1:  <Target Name="GenerateAntlrCode" Inputs="@(Antlr3)" Outputs="%(Antlr3.OutputFiles)">     2:      <Exec Command="java -cp %22$(Antlr3ToolPath)\antlr.jar;$(Antlr3ToolPath)\antlr-3.0.1.jar;$(Antlr3ToolPath)\stringtemplate-3.1b1.jar%22 org.antlr.Tool -message-format vs2005 -lib $(AntlrGrammarPath)  @(Antlr3)" Outputs="%(Antlr3.OutputFiles)" />     3:    </Target>

A couple of notes regarding this target:

  • %22 is the escaped form of double-quotes (“)
  • I decided to create a build variable so that any changes to a path was updated everywhere (DRY principle).
  • You need to reference several jars:
    • antlr.jar -> The Antlr 2.7.7 tool
    • antlr-3.0.1.jar -> The Antlr 3.0.1 tool
    • stringtemplate-3.1b1.jar -> The String Template library

The antlr 2.7.7 jar is needed for the StreamToken class that seems to be in a different namespace than the 3.0.1 jar.The properties called Antlr3ToolPath and Antlr3GrammarPath are defined in a property group like so:

1:    <PropertyGroup>     2:      <Antlr3ToolPath>$(MSBuildProjectDirectory)\..\..\Tools\ANTLR</Antlr3ToolPath>    3:      <AntlrGrammarPath>$(MSBuildProjectDirectory)\Model\Parsers</AntlrGrammarPath>     4:      <BuildDependsOn>GenerateAntlrCode;$(BuildDependsOn)</BuildDependsOn>     5:    </PropertyGroup>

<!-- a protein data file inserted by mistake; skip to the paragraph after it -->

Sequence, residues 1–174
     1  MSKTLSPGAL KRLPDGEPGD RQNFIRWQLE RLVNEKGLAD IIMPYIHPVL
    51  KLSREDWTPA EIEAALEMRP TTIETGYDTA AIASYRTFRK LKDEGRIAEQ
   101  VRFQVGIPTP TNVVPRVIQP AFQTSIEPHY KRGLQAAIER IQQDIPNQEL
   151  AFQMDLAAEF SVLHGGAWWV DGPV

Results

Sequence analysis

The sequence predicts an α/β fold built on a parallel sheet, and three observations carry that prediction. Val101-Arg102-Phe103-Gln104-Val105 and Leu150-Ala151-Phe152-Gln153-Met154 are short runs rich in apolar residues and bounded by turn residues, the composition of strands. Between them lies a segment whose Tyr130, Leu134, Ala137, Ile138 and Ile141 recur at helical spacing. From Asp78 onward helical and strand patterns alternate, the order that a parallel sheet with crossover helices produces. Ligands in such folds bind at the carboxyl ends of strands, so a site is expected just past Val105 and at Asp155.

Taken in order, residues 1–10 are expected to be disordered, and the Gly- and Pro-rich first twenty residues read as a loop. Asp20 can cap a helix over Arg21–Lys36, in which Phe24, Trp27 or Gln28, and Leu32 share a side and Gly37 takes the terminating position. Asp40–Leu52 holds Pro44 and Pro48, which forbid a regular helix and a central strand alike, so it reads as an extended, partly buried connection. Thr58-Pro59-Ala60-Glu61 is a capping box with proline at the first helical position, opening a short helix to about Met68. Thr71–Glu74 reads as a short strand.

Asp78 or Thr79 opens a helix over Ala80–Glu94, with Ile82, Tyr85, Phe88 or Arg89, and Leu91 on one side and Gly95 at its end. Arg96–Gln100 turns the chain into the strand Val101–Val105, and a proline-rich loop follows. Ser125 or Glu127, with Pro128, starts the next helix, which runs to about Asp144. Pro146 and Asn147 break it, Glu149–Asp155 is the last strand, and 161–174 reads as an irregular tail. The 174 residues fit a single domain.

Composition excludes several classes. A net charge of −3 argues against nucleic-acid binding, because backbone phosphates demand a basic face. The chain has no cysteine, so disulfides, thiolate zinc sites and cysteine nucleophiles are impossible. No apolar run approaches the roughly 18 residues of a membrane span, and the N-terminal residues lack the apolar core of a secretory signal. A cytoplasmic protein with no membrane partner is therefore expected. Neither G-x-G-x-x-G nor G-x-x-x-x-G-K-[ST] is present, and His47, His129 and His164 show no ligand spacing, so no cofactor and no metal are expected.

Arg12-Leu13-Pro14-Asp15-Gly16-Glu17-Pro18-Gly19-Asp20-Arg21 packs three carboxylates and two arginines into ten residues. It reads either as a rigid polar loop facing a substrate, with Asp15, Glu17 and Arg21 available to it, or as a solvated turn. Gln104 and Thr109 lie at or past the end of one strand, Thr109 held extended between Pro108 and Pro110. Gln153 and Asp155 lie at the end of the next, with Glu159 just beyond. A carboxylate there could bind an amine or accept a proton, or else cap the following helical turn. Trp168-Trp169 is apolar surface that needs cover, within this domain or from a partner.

The reason the GrammarPath is basically pointing to the output folder of the parser. This is needed because I am using the ANTLR output option of AST, which generates an Abstract Syntax Tree that much be consumed by another ANTLR grammar. For more details on why you need two grammar files for this process, I recommend the book The Definitive ANTLR Reference, by Terrence Parr.After that, I was able to use Visual Studio to generate the code on every build of the code. When using TDD tools like resharper or testdriven.net, this is an added bonus in that any changes made to the grammar are incorporated in my unit tests. Bonus number 2: since the changes are within the project file itself, and since my continuous integration server is based on my Visual Studio Solution file, the grammar files are also included on my build server and will cause the build to fail if the grammar fails to compile.I hope your build goes just as nicely.